Not so long ago I planted courgette Atena and Defender into pots, one variety produces a yellow courgette and the other variety produces a standard green courgette.
A couple of the seedlings were victim to slug attack, so I didn’t end up with as many as I’d hoped.
They’ve germinated beautifully and now they’re ready to plant out. The plants are around 4-5 inches tall and have developed a long second set of leaves. Courgettes are fantastic plants and are great in the summer as the basis to a vegetable lasagna or if any kind of tomato ragu.
If you’re growing courgettes or anything of the cucurbit family (squash, marrows, pumpkins…etc) it’s best to grow an even number of them, this is because the plants will produce either male or female flowers based on the conditions they’re in.
Lower temperatures and a lack of sunshine will produce male flowers, where as higher temperatures and poor ventilation will produce female flowers – as with everything to do with relationships, if you’re looking for an even outcome, everything in moderation!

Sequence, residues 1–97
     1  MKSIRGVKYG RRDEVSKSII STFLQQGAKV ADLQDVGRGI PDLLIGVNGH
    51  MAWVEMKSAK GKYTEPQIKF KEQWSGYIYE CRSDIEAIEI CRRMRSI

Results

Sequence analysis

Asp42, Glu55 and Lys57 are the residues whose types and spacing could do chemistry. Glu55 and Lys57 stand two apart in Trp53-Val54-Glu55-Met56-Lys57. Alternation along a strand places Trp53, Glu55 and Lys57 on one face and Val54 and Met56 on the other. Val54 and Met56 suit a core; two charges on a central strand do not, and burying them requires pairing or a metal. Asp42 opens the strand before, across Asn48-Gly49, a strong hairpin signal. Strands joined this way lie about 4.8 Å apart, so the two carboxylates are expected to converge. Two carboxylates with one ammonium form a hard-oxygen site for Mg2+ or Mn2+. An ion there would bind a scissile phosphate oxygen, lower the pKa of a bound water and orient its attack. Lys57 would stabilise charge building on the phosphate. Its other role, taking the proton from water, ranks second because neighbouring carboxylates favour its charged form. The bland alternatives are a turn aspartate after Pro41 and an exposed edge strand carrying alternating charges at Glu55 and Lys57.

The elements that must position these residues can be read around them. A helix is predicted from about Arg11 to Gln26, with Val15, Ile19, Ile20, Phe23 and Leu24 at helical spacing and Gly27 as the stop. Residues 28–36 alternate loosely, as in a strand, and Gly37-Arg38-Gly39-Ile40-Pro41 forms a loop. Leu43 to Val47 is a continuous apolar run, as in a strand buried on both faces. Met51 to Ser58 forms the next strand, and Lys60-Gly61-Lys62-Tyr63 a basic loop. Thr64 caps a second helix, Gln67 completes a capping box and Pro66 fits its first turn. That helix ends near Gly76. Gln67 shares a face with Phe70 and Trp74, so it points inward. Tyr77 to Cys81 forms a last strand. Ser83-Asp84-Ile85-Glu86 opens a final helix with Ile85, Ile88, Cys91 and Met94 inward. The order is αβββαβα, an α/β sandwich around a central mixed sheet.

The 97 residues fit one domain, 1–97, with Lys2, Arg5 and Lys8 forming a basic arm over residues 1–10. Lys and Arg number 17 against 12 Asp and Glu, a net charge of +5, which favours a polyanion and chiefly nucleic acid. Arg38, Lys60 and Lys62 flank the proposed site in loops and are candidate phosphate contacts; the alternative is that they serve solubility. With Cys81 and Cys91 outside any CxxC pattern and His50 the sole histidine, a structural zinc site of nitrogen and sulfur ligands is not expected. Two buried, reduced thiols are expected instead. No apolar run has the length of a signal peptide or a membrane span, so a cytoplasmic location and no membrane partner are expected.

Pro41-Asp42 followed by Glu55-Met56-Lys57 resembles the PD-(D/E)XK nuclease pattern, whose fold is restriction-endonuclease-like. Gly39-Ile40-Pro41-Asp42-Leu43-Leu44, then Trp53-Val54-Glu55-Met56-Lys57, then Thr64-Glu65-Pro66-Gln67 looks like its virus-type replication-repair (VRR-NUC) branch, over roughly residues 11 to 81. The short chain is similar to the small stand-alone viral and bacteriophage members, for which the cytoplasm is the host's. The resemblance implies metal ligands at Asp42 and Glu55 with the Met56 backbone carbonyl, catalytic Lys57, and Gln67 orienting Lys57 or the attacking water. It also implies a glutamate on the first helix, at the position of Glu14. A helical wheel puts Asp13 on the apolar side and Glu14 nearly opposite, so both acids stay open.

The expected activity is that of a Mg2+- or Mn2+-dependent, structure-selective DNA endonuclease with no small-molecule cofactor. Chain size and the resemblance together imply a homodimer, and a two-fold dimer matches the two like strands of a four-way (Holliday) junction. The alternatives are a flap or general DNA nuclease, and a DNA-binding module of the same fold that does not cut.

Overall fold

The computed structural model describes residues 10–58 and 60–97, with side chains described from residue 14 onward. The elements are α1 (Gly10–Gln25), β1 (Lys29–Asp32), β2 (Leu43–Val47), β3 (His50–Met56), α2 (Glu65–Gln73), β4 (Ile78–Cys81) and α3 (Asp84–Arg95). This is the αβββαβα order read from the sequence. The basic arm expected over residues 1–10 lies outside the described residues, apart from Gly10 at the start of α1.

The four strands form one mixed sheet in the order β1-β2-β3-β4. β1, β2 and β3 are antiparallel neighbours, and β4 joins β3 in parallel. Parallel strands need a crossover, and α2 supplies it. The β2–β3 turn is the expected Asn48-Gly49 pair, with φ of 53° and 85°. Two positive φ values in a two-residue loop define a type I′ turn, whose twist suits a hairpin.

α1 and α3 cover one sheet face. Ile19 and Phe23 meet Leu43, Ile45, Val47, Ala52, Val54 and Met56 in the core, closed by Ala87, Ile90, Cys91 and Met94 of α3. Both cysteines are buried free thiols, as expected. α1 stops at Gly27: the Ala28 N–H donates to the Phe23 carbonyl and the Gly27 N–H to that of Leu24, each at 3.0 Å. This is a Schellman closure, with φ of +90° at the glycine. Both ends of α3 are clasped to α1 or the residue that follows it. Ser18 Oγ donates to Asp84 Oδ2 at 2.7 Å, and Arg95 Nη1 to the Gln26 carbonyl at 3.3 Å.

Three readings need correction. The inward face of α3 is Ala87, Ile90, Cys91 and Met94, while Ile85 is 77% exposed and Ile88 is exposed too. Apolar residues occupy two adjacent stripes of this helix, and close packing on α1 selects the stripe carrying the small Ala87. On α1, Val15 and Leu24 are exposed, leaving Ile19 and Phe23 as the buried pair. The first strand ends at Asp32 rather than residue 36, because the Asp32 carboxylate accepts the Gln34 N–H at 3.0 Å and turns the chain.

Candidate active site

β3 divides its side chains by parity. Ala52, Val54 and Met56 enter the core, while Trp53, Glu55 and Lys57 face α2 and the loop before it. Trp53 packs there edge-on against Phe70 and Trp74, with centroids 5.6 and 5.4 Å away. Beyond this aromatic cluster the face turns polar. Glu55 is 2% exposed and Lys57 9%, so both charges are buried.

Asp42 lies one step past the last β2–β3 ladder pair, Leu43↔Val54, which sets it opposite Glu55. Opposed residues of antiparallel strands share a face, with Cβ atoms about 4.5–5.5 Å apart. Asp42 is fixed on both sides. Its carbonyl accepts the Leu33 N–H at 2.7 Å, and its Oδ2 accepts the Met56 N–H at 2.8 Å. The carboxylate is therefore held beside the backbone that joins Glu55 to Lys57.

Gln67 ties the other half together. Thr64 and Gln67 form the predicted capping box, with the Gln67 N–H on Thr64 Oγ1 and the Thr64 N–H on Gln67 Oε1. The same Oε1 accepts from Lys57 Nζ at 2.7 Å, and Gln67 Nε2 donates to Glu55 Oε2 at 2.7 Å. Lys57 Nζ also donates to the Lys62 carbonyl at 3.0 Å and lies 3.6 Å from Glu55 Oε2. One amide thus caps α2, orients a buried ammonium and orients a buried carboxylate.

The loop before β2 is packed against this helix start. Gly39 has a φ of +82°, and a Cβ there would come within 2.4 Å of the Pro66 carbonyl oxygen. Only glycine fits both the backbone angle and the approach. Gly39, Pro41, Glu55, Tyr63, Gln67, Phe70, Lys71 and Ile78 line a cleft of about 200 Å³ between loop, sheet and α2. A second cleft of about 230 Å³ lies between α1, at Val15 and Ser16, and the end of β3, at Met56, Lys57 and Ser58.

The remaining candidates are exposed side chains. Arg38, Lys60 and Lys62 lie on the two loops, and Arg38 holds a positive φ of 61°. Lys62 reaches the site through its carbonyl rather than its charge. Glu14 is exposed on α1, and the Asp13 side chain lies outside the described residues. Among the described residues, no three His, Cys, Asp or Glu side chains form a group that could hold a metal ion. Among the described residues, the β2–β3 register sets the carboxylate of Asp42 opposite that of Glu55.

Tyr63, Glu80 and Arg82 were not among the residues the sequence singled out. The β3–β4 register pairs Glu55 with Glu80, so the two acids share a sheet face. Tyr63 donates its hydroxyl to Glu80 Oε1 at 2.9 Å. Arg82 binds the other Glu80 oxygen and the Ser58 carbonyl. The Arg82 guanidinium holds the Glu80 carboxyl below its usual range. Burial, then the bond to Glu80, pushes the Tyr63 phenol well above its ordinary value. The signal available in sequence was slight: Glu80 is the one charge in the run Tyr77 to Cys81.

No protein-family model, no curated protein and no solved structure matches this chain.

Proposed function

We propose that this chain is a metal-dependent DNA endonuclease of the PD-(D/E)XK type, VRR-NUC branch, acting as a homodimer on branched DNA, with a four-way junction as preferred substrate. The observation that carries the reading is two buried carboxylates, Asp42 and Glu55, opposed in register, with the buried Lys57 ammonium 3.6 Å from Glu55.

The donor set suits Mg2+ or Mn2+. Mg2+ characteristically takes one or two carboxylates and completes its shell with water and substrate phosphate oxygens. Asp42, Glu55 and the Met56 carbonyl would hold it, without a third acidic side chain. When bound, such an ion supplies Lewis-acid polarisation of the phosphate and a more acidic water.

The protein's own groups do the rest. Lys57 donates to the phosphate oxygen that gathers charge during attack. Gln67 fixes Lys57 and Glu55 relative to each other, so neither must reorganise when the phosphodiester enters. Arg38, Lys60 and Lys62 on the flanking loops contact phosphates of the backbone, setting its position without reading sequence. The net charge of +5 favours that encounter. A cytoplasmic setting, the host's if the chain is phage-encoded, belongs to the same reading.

Growing courgettes, squashes and marrows is great fun and very easy. I’ve seen people grow cucurbit plants in all kinds of locations, from hanging baskets to the top of compost bins. Like most plants they enjoy plenty of water, nutrient soil and fairly warm conditions. The other great thing about courgettes, is that the more you pick the produce the more you will get back in return.
Slugs and snails are a real issue if you’re growing courgettes. Slugs don’t leave much in their path as it is and the site of fresh courgette plants be like what honey is to bears – irresistible.
Courgettes also attract black fly and white fly so growing marigolds in among your plants will act as a good deterrent to any opportunists who may want to eat up your plants.
I’ve planted my courgettes in with my runner beans so that hopefully they’ll act as ground cover and keep the majority of weeds at bay.
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